Water kefir is kind of a dream.  I love the aesthetic of the glass bottles in our window sill, and then popping them open to hear that glorious fizz and smelling the hard-cider-like scents of fruit rising off the top.  Have you ever had a fruit juice flavored soda?  Imagine a fizzy clear soda that tastes like oranges or grapes?  Now imagine that even though it is sweet like candy and tangy like wine, it has absolutely no added sugar or detectable alcohol, and the fruit sugars in it are less than 2 grams per bottle. 
You see, the great part about kefir milk and water is that in order for the kefir bacteria (called kefir grains due to their grain-like appearance) to survive it consumes sugar.  It eats nearly ALL the sugar, and then, well, poops out the probiotics.  Imagine what a lovely little machine these microbes are!  Sugar is magically transformed into something healthful. 
To make milk and water kefir, you need the specific kind of grain.  The water goes in water, obviously, and the milk in milk.  I use local, grassfed, hormone free milk — a luxury you can’t usually find in non-homemade yogurt and smoothies.  The water for water kefir should be mineral water or at least distilled.  To make it is super easy.  When you purchase the grains online (see link at end of entry) it comes with specific instructions, but just so you know what you are getting yourself into, let me give you a lament’s version. 
Essentially you put the grains and liquid in a jar.  The milk gets some dried fruit in it, and the water with both some sugar and dried fruit.  Don’t worry, the kefir bacteria will eat this stuff and there won’t be any sugars left in the final product.  Then you sit these jars somewhere safe (we keep ours on top of the fridge) and at room temperature.  You wait two days and voila, the milk kefir should already be done!  (Don’t be freaked out by letting milk stay out of the fridge for two days either.  The kefir eats any bad bacteria build up and you are left with something safe.  I mean, when you open and smell and taste it – it will obviously taste like yogurt, so you’ll know it’s fine.)  The whey will have come off from the curds a bit when the milk kefir is ready, but you just shake it up to recombine it all.  You strain the dried fruit (which will be like husks now, as the bacteria sucked out all the good stuff) and kefir grains into a plastic colander (don’t use a metal one as metal kills the bacteria) and you KEEP the grains because they last FOREVER.  Sorry for the Capslock, but this is an incredible point.  Kefir grains last for all time.  All time.  So you buy them once and reuse them over and over again.  They also multiply, so soon you’ll have enough to give to your friends.  (Are you hearing this!?  Free friend gifts!)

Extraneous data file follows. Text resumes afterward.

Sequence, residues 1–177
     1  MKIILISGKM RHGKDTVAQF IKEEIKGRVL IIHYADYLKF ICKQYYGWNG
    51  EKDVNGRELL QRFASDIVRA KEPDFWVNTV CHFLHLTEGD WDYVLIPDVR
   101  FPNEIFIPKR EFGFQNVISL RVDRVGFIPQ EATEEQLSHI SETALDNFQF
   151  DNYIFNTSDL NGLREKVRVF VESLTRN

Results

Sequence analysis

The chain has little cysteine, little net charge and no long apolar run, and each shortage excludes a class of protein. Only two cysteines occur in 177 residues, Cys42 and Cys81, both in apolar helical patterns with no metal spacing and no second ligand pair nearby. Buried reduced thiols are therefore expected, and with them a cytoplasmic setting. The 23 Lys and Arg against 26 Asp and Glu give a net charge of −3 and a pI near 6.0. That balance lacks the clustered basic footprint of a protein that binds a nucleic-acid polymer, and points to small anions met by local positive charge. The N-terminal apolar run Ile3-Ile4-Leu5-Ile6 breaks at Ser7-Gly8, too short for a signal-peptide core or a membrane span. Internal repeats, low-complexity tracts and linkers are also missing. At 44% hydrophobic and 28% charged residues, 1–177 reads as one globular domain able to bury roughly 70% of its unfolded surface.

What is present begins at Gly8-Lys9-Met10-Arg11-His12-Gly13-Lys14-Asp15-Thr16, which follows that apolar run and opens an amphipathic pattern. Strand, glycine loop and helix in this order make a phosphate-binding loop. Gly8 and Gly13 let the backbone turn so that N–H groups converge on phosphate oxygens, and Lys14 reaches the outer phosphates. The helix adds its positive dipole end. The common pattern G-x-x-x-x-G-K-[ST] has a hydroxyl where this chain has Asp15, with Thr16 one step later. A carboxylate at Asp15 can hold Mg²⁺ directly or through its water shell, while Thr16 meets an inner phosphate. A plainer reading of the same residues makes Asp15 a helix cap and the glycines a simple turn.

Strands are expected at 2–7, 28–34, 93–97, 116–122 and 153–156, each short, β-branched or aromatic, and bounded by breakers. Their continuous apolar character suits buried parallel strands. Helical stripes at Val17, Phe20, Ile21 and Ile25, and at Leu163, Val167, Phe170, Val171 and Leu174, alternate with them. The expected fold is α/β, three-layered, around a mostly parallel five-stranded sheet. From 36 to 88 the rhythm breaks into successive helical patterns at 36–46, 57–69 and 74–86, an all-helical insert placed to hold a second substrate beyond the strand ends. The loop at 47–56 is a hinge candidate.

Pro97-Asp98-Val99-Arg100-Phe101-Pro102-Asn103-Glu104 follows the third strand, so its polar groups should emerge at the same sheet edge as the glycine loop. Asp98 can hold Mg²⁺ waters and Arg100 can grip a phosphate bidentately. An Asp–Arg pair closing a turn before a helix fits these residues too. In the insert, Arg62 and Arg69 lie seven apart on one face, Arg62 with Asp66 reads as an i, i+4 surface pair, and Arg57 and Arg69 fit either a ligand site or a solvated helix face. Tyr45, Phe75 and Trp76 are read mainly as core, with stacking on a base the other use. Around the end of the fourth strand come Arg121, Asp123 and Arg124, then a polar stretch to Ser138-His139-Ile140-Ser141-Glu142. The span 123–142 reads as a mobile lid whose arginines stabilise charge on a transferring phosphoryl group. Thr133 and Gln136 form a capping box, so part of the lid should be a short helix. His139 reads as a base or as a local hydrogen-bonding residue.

So with milk kefir you literally put everything in a jar, forget about it for 1-2 days, and then strain it, blend whatever fruit you want into it, put it in the fridge, and enjoy.  This was my morning raspberry smoothie:
Water kefir will need to sit for a couple days and then you strain the grains from it, transfer just the liquid to glass, pop-top bottles, add a tbsp of fruit juice concentrate (the kefir bacteria and probiotics are still in here even though the grains are not and it will still eat the sugars in the juice), and cap it for a couple more days.  So it takes a little longer, but is still just as easy.  You can flavor it with other things besides juice concentrate, too – such as vanilla beans, ginger, lemon, you name it.  Just don’t use honey, as honey is anti-bacterial and could hurt your kefir. 
To order grains, just do a google search – or go to a website like amazon to get started.  Grains are real cheap and shouldn’t cost more than a few dollars (with shipping). 
So there you have it.  Fermentation made easy.

The 40 Plant Challenge


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You’ve got 24 hours until the new year and sometimes people use January 1st to begin a clean slate of new healthy choices for themselves.  I think it’s great to make changes any time, but if you’re feeling excited about doing so tomorrow, well then, here’s something for you:  The 40 Plant Challenge.